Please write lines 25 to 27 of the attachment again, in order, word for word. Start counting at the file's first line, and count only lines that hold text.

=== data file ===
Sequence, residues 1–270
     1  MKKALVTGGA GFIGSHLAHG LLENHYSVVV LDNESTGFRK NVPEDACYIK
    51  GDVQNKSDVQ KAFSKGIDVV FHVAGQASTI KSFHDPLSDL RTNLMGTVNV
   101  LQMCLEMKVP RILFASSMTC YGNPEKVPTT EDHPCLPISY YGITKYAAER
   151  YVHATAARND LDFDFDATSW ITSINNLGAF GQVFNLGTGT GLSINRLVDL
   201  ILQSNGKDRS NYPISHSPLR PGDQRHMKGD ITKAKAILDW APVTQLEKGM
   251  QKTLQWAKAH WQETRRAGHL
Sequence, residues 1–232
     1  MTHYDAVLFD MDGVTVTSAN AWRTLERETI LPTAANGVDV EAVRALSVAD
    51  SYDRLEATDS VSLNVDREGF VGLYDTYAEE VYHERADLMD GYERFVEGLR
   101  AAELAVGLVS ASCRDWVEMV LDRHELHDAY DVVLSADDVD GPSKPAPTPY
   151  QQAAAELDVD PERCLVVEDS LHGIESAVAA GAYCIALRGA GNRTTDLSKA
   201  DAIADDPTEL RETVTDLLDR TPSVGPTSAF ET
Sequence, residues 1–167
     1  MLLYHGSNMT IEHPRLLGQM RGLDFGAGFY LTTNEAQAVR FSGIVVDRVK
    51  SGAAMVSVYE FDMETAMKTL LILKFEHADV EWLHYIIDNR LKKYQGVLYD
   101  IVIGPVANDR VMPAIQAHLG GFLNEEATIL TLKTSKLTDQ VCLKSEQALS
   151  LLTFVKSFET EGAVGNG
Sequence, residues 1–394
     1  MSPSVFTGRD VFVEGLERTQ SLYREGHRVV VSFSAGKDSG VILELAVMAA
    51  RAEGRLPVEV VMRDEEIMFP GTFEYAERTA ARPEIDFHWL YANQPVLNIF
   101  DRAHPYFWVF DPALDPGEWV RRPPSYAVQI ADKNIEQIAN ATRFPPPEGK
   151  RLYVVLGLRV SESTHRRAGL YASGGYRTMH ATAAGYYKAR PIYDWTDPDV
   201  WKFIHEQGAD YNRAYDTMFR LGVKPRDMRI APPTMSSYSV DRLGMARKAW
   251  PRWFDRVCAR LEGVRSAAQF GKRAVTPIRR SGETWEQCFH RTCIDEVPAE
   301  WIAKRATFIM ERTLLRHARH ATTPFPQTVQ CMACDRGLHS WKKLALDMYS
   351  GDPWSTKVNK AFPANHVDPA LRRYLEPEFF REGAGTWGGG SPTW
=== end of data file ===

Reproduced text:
   251  PRWFDRVCAR LEGVRSAAQF GKRAVTPIRR SGETWEQCFH RTCIDEVPAE
   301  WIAKRATFIM ERTLLRHARH ATTPFPQTVQ CMACDRGLHS WKKLALDMYS
   351  GDPWSTKVNK AFPANHVDPA LRRYLEPEFF REGAGTWGGG SPTW